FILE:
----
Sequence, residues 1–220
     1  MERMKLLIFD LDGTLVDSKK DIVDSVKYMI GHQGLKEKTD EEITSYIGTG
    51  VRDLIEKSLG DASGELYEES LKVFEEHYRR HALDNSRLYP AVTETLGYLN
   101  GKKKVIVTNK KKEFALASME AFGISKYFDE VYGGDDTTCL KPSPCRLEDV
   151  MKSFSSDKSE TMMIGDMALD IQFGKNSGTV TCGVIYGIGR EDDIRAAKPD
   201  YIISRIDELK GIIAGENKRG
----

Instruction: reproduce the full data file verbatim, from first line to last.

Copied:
Sequence, residues 1–220
     1  MERMKLLIFD LDGTLVDSKK DIVDSVKYMI GHQGLKEKTD EEITSYIGTG
    51  VRDLIEKSLG DASGELYEES LKVFEEHYRR HALDNSRLYP AVTETLGYLN
   101  GKKKVIVTNK KKEFALASME AFGISKYFDE VYGGDDTTCL KPSPCRLEDV
   151  MKSFSSDKSE TMMIGDMALD IQFGKNSGTV TCGVIYGIGR EDDIRAAKPD
   201  YIISRIDELK GIIAGENKRG